Can a lawyer help us get this nightmare transaction done with?
February 11, 2013 2:15 PM   Subscribe

We paid $4000.00 for a service, and now we're having trouble getting what we wanted. It's been 3 months and we need a resolution to this nightmare!

So, we paid a pressing company so we would get 500 items done for our very small businessl. We were supposed to get these items in November, but we still haven't got them. After two batches of substandard product and really bad customer service, we need to either get a refund or the order done properly, but they are not being cooperative at all.

Is this too small potatoes for a lawyer? What are our resources?
posted by Tarumba to Law & Government (8 answers total)
This is the perfect case for a small claims court in your jurisdiction. It is likely that just filing the case will resolve your issue. If it doesn't, you can negotiate with the vendor directly at the court steps on the day of the case.

Do be mindful of limits on what can be recovered in small claims court; it may be around the $4000 you're looking for. If that is the case, you still might find that small claims court is better than the alternative of a proper court.
posted by saeculorum at 2:22 PM on February 11, 2013 [4 favorites]

Oh Yes! Small Claims Court is your remedy!

Once you file the case, be sure to call People's Court to see if they'll mediate it for you. When you win, you're sure to be paid because the show pays you. You'll get a trip to NY and you get to have an adventure.

You can also advertise your business!
posted by Ruthless Bunny at 2:28 PM on February 11, 2013 [2 favorites]

The main value in engaging a lawyer for a debt this (relatively) small is that having a lawyer write a demand letter can often get you the attention you need to get this resolved. It sucks that it has to be that way, but it happens. It could easily cost up to $500 for the lawyer's time (and frankly, it could easily cost more, but I wouldn't personally be willing to pay that), and the resolution may just be a partial refund.

On the other hand, did you sign a contract? See if your contract has an attorney fees provision (and also check if it has a venue provision and/or arbitration provision--it may be that you've already agreed to arbitrate any disputes or bring any lawsuits in, say, Virginia. While you can sometimes get out of these, doing so will cost you). If your contract has an attorney fee provision, you might get a lawyer who will take the case if it has merit and if they think the defendant is someone who will actually pay a judgment and the attorney fees if they win. It surprises me that lawyers would get involved in cases of about this size, but every day when I get the report of suits filed that day, I see breach of contract cases for under $5000.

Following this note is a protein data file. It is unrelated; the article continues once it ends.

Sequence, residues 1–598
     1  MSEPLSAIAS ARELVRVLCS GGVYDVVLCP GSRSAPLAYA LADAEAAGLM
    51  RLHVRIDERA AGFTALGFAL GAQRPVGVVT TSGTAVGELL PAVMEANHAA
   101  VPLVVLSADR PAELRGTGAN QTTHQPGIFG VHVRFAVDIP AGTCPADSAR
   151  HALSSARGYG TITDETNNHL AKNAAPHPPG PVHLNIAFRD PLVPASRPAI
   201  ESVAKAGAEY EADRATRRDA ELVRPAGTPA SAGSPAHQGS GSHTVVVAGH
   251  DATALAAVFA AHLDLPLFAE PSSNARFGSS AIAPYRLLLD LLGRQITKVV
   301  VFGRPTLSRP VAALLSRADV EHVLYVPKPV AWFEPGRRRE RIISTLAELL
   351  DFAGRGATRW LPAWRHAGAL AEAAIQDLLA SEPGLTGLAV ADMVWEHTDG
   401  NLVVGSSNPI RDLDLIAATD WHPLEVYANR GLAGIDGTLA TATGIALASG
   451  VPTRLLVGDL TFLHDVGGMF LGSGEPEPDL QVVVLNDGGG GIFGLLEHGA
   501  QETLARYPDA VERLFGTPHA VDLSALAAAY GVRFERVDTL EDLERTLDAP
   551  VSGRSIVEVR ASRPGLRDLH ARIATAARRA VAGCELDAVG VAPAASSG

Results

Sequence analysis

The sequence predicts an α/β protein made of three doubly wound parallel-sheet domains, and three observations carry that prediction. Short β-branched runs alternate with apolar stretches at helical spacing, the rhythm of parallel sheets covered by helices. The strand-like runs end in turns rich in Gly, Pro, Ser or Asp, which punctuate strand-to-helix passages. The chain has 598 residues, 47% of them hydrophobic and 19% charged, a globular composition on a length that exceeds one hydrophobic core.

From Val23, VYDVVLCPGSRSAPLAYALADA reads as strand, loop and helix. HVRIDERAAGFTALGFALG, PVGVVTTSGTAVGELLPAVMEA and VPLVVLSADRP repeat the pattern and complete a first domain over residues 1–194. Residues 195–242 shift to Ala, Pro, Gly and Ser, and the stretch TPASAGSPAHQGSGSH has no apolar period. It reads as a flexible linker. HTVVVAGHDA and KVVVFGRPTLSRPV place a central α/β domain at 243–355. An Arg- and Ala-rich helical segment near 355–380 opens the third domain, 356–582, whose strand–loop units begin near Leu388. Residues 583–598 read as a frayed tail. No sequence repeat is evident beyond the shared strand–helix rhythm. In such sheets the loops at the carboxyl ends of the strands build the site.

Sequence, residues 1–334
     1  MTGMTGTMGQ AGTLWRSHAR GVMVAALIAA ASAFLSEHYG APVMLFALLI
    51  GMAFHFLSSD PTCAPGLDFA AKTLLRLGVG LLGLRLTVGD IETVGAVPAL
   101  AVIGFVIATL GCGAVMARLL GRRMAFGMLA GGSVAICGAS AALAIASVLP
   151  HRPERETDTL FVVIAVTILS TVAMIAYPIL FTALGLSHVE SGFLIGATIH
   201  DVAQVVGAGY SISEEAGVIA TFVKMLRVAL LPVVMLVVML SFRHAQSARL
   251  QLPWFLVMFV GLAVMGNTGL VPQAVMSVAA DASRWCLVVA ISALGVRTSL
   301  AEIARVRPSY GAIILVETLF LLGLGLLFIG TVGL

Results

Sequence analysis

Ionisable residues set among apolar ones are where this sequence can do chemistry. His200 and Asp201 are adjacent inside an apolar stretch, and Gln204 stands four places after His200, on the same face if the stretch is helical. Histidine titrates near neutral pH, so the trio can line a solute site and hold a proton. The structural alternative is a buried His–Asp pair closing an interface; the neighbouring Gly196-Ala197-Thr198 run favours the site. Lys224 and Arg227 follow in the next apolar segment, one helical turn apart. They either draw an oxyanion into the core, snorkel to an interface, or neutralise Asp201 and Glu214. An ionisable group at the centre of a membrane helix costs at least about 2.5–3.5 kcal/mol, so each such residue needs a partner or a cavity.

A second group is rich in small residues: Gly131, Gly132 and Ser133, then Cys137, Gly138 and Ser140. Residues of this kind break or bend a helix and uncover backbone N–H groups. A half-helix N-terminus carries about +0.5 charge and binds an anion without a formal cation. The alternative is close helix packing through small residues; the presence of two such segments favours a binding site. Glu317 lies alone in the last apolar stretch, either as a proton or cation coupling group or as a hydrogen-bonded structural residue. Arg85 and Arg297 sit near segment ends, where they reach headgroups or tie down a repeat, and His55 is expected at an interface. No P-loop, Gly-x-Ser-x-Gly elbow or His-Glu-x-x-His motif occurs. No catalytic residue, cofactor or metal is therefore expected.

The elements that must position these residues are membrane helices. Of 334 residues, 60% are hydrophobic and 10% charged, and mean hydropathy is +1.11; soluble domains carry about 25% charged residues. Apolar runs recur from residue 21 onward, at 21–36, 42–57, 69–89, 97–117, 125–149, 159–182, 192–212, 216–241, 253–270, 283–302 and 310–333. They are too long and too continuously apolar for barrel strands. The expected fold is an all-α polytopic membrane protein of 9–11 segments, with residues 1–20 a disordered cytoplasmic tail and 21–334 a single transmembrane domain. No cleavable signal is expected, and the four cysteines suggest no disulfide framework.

Small claims court is one of those ideas that sounds great, but is tedious. The trouble lies mainly in trying to enforce the judgment. Even if the court agrees with you and you win, how do you get your money? This can be extremely frustrating. The good news about small claims court is that it is not overly expensive and time consuming, at least compared with other litigation. I went to small claims court when I was in college and it was a very positive experience for me.

You could also try getting the attention of the business by dealing with groups like the Better Business Bureau, but it's hard to imagine that such a complaint would be a great stride toward getting what you want.
posted by MoonOrb at 2:33 PM on February 11, 2013 [1 favorite]

Nthing small claims court. The one thing to keep in mind regarding the lawyer/no lawyer question is that you can call the court for details on how to file, fees, the process you'll go through within the court and the steps you must take to enforce a judgment in your favor should you receive one and the defendant doesn't pay. But there's a limit to how much info court employees can give and they won't tell you anything that can be construed as "legal advice."

I'd personally try to do it myself and if I came up against a wall with info I need that the court can't give me, then I'd consider consulting a lawyer. That's how most people going through the court I work for do it.
posted by houndsoflove at 3:20 PM on February 11, 2013 [1 favorite]

Once you file the case, be sure to call People's Court to see if they'll mediate it for you. When you win, you're sure to be paid because the show pays you. You'll get a trip to NY and you get to have an adventure.

You can also advertise your business!
Yup, free advertising as a business that not only solves problems (rightfully or not) by going to Court, but also the type of business that thinks The People's Court is the right way to solve a problem.

Sorry, I'd never do business with anyone who was on that show.
posted by Brian Puccio at 3:38 PM on February 11, 2013

Looking at the OP's profile, we see that OP is in Peru.

Many of the answers that apply in the U.S. will not transfer.
posted by megatherium at 3:46 PM on February 11, 2013

If you paid with a credit card, dispute the charge if you still can.
posted by Slinga at 4:23 PM on February 11, 2013 [1 favorite]

thanks everyone!

I actually live in the US now, so these answers are very helpful. We will see if we can get this solved before the end of the week and if it isn't we'll go the small claims court route.
posted by Tarumba at 11:25 AM on February 12, 2013

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